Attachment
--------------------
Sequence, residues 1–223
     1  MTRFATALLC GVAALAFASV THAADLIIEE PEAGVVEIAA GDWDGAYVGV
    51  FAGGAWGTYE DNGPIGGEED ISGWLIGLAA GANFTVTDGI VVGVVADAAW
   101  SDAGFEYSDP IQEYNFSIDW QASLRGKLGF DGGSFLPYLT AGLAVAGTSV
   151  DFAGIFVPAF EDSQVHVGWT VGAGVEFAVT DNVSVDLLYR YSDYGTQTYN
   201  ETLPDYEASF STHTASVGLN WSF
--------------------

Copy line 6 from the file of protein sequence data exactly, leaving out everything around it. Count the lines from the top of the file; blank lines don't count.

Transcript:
   201  ETLPDYEASF STHTASVGLN WSF